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which will win capacitors or batteries?

Discussion in 'Electronic Design' started by Jamie M, Nov 25, 2011.

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  1. Jamie M

    Jamie M Guest

    Hi,

    Assuming both technologies hit their limits at the nano-scale which
    will store more energy per volume/mass and which will have more power
    per volume/mass? I think capacitors have the advantage that the
    structure is fixed, ie. only electron charge is moving, whereas for
    batteries ions are moving which can wreck the structure of the battery
    over time, but can capacitors surpass batteries at the nano-scale?

    cheers,
    Jamie
     
  2. Guest

    Other than the buzz-word of the decade, what exactly does "nano-scale" mean?

    Capacitors store energy by keeping charge carriers separate. Batteries store
    energy in chemical bonds. Batteries win - no comparison.
     
  3. Les Cargill

    Les Cargill Guest


    So what ever happened to Pam Dawber?
     
  4. Both are equivalent. Both store electrons in the valence shell of atoms. In
    cause the potential is created by the macroscopic separation of atoms while
    in the second is is microscopic(on the atomic scale). You could image the
    chemical bonds as a sort of capacitor. The difference is that in the case of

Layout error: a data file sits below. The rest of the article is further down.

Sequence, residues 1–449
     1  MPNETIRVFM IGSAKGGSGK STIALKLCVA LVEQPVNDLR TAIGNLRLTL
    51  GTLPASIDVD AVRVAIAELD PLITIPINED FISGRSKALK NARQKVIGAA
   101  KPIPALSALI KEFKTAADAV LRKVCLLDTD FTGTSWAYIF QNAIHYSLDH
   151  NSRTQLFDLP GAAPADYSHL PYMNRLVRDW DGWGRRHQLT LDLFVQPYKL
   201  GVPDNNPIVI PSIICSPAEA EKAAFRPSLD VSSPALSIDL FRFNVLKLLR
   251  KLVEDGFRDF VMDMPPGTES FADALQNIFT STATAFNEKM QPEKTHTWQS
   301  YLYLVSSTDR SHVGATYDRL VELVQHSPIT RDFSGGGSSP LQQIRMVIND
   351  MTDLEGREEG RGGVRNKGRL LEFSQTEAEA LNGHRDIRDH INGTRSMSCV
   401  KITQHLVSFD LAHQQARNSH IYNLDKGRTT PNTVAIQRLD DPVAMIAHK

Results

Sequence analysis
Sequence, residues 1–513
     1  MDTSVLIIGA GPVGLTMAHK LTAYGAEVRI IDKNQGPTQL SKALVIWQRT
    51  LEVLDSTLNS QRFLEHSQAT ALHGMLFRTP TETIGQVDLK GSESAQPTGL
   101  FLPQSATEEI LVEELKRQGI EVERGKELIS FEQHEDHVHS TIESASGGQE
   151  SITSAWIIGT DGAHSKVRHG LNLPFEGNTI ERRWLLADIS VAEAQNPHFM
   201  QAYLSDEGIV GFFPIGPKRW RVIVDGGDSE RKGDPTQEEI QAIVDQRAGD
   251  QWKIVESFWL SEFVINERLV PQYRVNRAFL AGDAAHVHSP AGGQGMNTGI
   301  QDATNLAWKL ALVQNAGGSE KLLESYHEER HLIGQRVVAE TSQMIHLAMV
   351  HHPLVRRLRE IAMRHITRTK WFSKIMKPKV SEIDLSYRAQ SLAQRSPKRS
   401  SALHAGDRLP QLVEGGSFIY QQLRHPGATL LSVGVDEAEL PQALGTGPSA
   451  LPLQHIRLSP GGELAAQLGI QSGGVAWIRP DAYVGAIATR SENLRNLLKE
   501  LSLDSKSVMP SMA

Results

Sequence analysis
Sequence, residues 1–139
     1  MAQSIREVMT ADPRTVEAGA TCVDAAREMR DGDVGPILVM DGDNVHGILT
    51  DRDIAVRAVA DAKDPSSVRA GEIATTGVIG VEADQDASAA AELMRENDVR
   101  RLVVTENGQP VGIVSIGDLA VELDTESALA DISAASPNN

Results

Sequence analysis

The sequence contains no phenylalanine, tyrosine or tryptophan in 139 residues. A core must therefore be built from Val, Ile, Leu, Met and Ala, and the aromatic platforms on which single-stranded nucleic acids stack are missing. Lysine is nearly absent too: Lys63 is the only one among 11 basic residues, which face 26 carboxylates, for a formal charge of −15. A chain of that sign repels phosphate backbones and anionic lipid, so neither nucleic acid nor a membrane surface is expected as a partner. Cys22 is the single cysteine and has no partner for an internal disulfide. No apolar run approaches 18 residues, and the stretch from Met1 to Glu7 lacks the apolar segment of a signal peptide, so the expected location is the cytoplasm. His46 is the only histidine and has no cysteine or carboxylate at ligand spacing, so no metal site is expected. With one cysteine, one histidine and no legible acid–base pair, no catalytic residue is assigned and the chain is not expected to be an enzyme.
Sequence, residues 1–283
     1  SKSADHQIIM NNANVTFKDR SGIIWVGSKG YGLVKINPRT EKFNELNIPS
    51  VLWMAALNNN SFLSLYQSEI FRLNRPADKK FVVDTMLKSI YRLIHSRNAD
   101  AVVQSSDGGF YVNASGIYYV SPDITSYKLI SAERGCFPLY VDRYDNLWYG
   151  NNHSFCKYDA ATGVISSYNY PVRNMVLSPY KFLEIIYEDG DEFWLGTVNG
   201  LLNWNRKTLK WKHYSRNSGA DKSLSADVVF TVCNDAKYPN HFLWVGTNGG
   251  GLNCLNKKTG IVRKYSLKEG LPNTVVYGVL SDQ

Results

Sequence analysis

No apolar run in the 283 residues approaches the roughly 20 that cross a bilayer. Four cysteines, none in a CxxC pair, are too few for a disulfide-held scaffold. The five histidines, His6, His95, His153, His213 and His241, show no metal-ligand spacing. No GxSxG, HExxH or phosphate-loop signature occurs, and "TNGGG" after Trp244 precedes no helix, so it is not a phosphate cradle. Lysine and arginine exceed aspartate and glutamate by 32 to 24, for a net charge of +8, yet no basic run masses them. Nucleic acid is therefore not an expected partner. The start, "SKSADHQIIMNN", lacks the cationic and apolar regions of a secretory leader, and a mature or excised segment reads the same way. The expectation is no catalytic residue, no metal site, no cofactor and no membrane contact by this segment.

a capacitor a large number of electrons can be "stored"(there is actually no
    storage of electrons but just a displacement which is why capacitors block
    DC) quickly released due to the mobility of the carriers. This is more
    difficult in chemical reactions. Chemical reactions generally can hold
    higher energy densities(think of TNT) due to the shear number of atoms
    used(compared to the number of electrons on your standard cap)

    Ultimately one would expect the two phenomena to merge since they are based
    on the same fundamental physical principles(one of electron mobility). You
    can already see the phenomena overlap with plate capacitors and solidstate
    batteries or electrolytic capacitors and dry cell batteries.

    Capacitors generally depend greatly on the material configuration but a
    counter example are tantalum caps.
     
  5. John S

    John S Guest

  6. "John Larkin" wrote in message
    Well, lets see, one electron has a mass of about 10^-31. Therefor there are